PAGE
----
Parents of Children with Disabilities More Likely to Use Private Schools

Public school districts are bracing themselves for an increasing number of parents to ask them to fund private schools for their children with disabilities.

The reason is a recent court decision. The US Supreme Court let stand a lower court ruling in favor of Tom Freston, a New York father who enrolled his handicapped son in a private school without first trying out public school programs. Freston’s public school district must pay for his child’s private schooling. By letting stand the lower court decision in Freston’s favor, the Supreme Court did not make a definitive ruling on this matter, which will no doubt keep coming up again in the next few years.

The Individuals with Disability Act requires public schools to provide free and appropriate education to all children. If a school district does not have an adequate program, parents may enroll their children in private schools with public schools funds. The problem is often the definition of the word “adequate.” For example, in an important ruling by the 11th Circuit Court in Atlanta, the court sided with the public schools. In that case, parents enrolled their deaf child in a private school, which experts testified as superior to the public program. When the Circuit Court ruled that this public program was “adequate,” the public school district did not have to pay.

Only about 88,000 out of six million children in special education are in private schools at public expense, but that number is expected to go higher. The court ruling as well as a trend for children to be diagnosed with problems before they enter kindergarten is accelerating the trend toward private placements at early ages.

Kim Sweet, director of the non-profit Advocates for Children, told the New York Times that “Most of these parents are simply desperate to get their children in a placement where they are not simply going to languish.”


Military Boarding Schools

What are they?

Military schools are generally private boarding schools, either middle or high school, that are modeled after military colleges such as the United States Military Academy at West Point. Military schools are designed to provide not only a solid academic foundation but also to teach values such as honesty, self-discipline, leadership and responsibility. Teamwork is an important aspect of military school; cadets are expected to appreciate and support others toward a collective best.

Many military schools have an excellent physical education program where cadets can learn various individual and team sports. There is also daily physical conditioning through drills and exercises.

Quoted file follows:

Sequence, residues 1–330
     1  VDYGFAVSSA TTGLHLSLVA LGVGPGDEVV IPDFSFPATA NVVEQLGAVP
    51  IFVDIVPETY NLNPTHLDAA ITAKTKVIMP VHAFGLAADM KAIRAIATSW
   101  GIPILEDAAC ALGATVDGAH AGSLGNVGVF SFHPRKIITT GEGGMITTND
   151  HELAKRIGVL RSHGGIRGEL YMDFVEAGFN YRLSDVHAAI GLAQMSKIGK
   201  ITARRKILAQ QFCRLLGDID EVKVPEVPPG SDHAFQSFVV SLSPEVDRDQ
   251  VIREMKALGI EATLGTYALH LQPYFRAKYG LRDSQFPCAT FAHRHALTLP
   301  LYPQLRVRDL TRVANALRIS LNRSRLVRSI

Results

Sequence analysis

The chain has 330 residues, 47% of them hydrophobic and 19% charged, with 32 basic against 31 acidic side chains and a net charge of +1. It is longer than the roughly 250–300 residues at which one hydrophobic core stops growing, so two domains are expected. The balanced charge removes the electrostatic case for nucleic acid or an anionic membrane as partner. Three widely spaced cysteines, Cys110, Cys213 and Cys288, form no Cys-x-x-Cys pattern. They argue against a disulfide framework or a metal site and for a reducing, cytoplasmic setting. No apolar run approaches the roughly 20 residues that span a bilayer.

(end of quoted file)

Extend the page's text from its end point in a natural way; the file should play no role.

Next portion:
While military schools tend to have the reputation of being a good place to send a defiant child to “shape up,” in reality, most will not accept a student with serious behavioral problems. These boarding schools are highly selective and are geared toward young people who want to experience learning in the context of a military structure and values. Military boarding schools are an excellent choice for a teen needing to build self-esteem and a sense of responsibility.

A good military boarding school can prepare your child for traditional college or for a military job in the future. It can be a good place for him or her to meet others with similar values and make lifelong friendships.

Missouri Reforms Its Reform Schools to a More Effective Therapeutic Model

The state of Missouri changed its juvenile prison system into a new, more effective model that looks something like a series of therapeutic boarding schools.

Juvenile offenders, formerly housed in 6×9 cells, now live in small group homes, attend family and individual therapy, work toward degrees in small class sizes, and receive outpatient therapy when they go home. Many undergo drug or alcohol treatment programs. They often do therapeutic work in peer groups, where they open up about their pasts, family traumas, and other problems. If they adhere to rules, they receive rewards in the form of visits home, field trips, and other freedoms.

Missouri’s “gladiator prisons” now look more like college dorms, although the level of security is still high. The new arrangements allow teens to have some privacy and space for the first time in the system’s history. Juveniles now live in small groups of ten or so, and attend classes together, have communal meals, play sports, etc. The ratio of staff to juveniles is low: about one to five.

The results of the new approach are impressive.

In 2006, only 7% of Missouri teens who finished the therapeutic program were in adult prisons within three years. This compares to 75% in New York and California. No Missouri teens have committed suicide since the overhaul of the system. Nationally, more than 25 teens within juvenile systems kill themselves every year.

“This isn’t rocket science,” said Mark Steward, director of Missouri’s Division of Youth Services. “It’s about giving young people structure, love and attention, and not allowing them to hurt themselves or other people. Pretty basic stuff, really.”